This seems like a good partial explanation of the failure of cultural elites to respond to neoliberalism. It also partially explains a point Mike Konczal raised in his article Why Are There No Good Conservative Critiques of Trump’s Unified Government? And, it helps explain the rise of Trumpism as discussed here.

The trend Bourdieu describes is obvious in the US; in fact integration of research workers into the ranks of salaried workers seems even stronger than Swartz’ description. The trend is perhaps worse here because colleges and universities have become so infused with neoliberal business practices, primarily the use of adjuncts (the gig economy for teachers) who have little stability, little opportunity for sustained research, little protection from the gatekeepers of orthodoxy, and much less “critical distance from authority”. Nevertheless, I think (hope) there is still a large amount of independence in academia, especially among tenured faculty. That independence is centered around expertise in fields of study, where depth of knowledge in small areas is paramount. Many of those areas of study are far too specialized for the general public, and for policy-making.

Much of academic study is intermediated for the public and for policy-making by and through think tanks and similar groups. Of course, those organizations do some interesting research, but most of the worker’s time and energy is spent extracting useful ideas from the bowels of journals and academic books and rewriting it so that the rest of us can understand and maybe act on it.

These organizations are dependent on their rich donors, and don’t tolerate much from workers that conflicts with the interests of their donors. As an example, Barry Lynn was at New America Foundation, a prominent democratic think tank for years. He wrote often on the problems of monopoly and lack of competition in the US economy. Then he wrote an article critical of Google, one of the big sponsors of New America, and was driven out. He and a few of his associates started Open Markets Institute with funding from George Soros, another wealthy donor with his own agenda.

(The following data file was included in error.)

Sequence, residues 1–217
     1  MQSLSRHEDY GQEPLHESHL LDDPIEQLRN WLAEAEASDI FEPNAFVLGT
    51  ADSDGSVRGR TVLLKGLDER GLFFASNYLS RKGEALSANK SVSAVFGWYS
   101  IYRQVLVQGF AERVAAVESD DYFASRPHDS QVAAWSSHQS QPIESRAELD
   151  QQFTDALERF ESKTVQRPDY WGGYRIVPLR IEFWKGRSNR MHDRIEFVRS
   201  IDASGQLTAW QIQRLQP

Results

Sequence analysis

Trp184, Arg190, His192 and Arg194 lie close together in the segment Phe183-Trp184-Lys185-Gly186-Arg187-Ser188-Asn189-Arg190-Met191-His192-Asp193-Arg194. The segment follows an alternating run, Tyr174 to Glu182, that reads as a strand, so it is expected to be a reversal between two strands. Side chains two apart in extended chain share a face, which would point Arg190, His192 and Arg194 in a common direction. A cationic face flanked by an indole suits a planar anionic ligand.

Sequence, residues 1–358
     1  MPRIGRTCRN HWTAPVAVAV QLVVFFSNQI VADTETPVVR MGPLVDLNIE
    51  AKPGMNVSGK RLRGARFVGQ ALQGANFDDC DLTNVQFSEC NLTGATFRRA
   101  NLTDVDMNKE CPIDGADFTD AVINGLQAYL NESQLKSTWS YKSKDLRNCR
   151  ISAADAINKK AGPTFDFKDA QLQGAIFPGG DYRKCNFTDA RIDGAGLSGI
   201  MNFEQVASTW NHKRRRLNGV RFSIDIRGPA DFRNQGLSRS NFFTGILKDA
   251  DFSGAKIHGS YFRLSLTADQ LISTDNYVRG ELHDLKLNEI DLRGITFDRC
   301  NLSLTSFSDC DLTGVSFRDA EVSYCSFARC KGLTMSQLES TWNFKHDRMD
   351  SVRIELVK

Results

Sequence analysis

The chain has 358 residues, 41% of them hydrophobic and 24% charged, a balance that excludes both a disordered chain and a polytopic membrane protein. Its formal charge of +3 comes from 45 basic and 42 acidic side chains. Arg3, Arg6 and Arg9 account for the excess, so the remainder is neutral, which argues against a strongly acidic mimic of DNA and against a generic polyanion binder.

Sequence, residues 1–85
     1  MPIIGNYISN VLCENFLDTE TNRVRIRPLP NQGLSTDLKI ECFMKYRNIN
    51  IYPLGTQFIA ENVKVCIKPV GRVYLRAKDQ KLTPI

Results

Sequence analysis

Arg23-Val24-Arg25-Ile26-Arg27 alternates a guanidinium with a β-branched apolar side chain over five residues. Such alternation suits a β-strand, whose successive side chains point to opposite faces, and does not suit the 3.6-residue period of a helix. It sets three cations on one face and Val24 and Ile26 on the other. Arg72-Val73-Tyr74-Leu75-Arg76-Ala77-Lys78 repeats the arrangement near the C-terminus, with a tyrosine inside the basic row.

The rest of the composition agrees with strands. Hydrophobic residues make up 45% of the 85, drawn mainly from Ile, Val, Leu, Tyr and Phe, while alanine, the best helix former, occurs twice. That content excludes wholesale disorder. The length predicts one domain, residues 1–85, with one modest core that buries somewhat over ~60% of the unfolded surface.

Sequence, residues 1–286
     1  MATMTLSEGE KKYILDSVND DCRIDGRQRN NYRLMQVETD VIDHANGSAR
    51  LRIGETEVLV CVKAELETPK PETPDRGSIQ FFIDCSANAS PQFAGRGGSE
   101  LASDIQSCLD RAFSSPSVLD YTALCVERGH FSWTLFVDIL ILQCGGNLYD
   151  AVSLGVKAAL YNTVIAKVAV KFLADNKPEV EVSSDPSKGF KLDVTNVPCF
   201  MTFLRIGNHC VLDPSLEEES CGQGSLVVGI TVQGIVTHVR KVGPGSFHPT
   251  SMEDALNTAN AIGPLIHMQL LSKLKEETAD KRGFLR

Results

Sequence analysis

Charles and David Koch tried to take over the Cato Institute, which they funded, and which claims to be a libertarian think tank. This effort which was not completely successful, causing a lot of distress on the conservative side. Not much critical detachment from authority there.

Perhaps we should read this as an example of another phenomenon Bourdieu describes, the attempt to exchange cultural capital for economic capital. There is nothing inherently wrong with this of course. For example, in the university setting, getting tenure should involve both teaching and research. Competition for status and other resources in one’s field should be driven by these skills, and so should be a net gain. Good teachers and researchers should be rewarded with tenure and a steady income to support further study and teaching.

3It isn’t obvious that this will happen in the think tank world. Further it’s hard to imagine how the kind of competition we see in academic fields would work in the private sector, where there are powerful forces at work to limit the scope of intellectual activity and control access to influence.